So, North had corrected his statement, that the 40% figure was in the original WWF, non-peer reviewed paper. The Sunday Times picked up the story, despite a link to the correction on the original blog site.

    For this, I do not think it is reasonable to call North a liar.

    However, if you read the link above, you will see the argument stands that the peer-review backing for the 40% claim by the IPCC seems to be non-existent, being based on unrelated subjects such as forest fire and logging activity, not directly on climate change.

    Like

  12. Fred – I did read your link and just couldn’t see anything new, or indeed anything of any value, in it. He is just into self justification. He is the guilty party and you would be foolish top rely on his story.

    As I said – you need to widen your sources. It wouldn’t hurt for you to start with Monbiot’s article Sunday Times admits ‘Amazongate’ story was rubbish. But who’s to blame?

    Like

  13. Ken,
    I have read Monbiot’s article above.

    If you read the links I have posted, you will see that Monbiot did not read the correction that North posted, and then went on to make libellous statements

    Furthermore, if you or your commenters are able to provide evidence of peer reviewed literature that supports the claims made in the WWF document, then I would be very interested to see them.

    Like

  14. Fred. Monbiot says:

    “North was right to point out that the IPCC should not have relied on a report by WWF for its predictions about the Amazon. Or he would have been right if it had. But it hadn’t. The projection was drawn from a series of scientific papers by specialists in this field, published in peer-reviewed journals, some of which are referenced in the first section of the IPCC’s 2007 report (pdf).”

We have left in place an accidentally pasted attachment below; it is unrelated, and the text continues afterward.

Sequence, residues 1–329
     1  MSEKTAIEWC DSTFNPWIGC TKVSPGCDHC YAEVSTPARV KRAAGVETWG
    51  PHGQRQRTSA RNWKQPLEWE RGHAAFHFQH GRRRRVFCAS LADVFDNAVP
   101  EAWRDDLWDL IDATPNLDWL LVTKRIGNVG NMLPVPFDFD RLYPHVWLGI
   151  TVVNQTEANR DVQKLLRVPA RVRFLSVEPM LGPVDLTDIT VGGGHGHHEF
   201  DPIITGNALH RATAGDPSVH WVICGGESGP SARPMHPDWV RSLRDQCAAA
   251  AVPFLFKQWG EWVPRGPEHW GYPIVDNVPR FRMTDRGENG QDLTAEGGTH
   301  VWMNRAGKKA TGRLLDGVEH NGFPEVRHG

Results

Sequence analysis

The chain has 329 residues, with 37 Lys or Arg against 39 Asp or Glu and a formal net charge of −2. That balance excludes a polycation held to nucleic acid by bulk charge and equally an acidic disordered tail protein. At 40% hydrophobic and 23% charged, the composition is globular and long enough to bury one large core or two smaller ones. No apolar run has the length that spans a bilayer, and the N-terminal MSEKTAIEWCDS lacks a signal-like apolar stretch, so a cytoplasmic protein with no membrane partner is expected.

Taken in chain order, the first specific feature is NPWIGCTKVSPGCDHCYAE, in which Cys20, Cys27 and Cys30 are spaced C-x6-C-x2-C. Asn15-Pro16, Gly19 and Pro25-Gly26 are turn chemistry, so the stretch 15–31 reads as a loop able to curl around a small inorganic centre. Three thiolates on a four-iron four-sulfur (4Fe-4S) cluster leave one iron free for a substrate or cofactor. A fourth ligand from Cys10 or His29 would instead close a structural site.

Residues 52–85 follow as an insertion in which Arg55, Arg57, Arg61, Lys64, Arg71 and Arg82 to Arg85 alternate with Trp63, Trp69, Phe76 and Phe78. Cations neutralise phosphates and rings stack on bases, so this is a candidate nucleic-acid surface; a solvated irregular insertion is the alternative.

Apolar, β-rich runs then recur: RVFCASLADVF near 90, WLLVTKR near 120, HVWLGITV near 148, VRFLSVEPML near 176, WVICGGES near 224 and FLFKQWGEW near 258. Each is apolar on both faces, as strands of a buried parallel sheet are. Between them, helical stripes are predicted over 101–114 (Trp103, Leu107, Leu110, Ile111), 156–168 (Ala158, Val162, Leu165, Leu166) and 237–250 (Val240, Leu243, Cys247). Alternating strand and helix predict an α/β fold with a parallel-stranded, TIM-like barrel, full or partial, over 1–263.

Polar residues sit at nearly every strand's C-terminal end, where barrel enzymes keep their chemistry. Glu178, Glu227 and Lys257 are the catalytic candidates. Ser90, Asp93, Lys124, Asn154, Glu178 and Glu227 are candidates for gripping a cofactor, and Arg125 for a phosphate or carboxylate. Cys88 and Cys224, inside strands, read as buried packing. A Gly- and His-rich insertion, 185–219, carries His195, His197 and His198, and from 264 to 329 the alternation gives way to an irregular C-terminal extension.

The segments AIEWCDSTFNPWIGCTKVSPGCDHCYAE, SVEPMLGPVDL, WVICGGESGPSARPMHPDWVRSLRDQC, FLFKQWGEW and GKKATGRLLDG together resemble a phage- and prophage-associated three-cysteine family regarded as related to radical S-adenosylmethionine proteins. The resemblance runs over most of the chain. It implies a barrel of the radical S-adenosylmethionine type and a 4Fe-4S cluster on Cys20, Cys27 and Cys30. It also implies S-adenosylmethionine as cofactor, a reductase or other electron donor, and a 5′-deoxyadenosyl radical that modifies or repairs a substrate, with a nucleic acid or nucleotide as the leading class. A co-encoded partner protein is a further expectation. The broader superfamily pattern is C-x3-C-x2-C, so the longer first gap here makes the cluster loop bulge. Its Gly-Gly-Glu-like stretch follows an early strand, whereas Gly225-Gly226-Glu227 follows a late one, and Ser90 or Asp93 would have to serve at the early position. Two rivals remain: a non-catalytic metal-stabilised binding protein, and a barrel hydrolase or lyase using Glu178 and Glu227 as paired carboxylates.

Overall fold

I suggest you follow his advice and read through the report.

    This whole thing is not an issue as far as I am concerned. I can understand why North and Booker will try to muddy the waters. But the article has been retracted and the apologies made. North’s complaint is really of no interest now.

    As I said – widen your sources. Don’t rely on such biased blogs.

    Like

  15. I suggest you follow his advice and read through the report

    Chapter 7 of WG1. Would you like me to read the entire chapter, all the referenced papers therein, and find the supporting evidence for the 40% claim?

    Why should I do this, when the claims were apparently from WG2?

    Bishop Hill expresses this better than I can:

    The projection was drawn from a series of scientific papers by specialists in this field, published in peer-reviewed journals, some of which are referenced in the first section of the IPCC’s 2007 report (pdf).

    Now this should be enough to set the alarm bells ringing – Monbiot appears to be saying, in essence, that the correct citations are in the WG1 report somewhere. But where? He links to one chapter of WG1, when the dispute is about a statement made in the WG2 report. And which paper or papers is he actually citing?

    This skirting round the question of the actual papers that support the allegation that 40% of the Amazon is at risk from climate change suggests strongly that there are none. What is more one is tempted to conclude that George Monbiot knows it.

    link

    Now, I am more than happy to accept that there is peer reviewed evidence for the 40% claim; it’s just that none has been found yet.

    I am sorry that you have no further interest in this story.

    Like

  16. Ah, Fred. You have taken my advice and widened your sources.

    But, come on. Another denier blog!!

    be a devil. You could read the IPCC documents – it wouldn’t hurt.

    And you could also give serious consideration to what climate scientists are saying, not just the deniers. They are just not reliable.

    Like

  17. be a devil. You could read the IPCC documents – it wouldn’t hurt.

    Well, I could read the entire Chapter 7. But where would it lead me?

    Wouldn’t it be better if someone came out and provided the citations for us?

    After all, Nepstad et al have stated that their work is based on peer reviewed literature, but have failed to provide the references, as far as I know.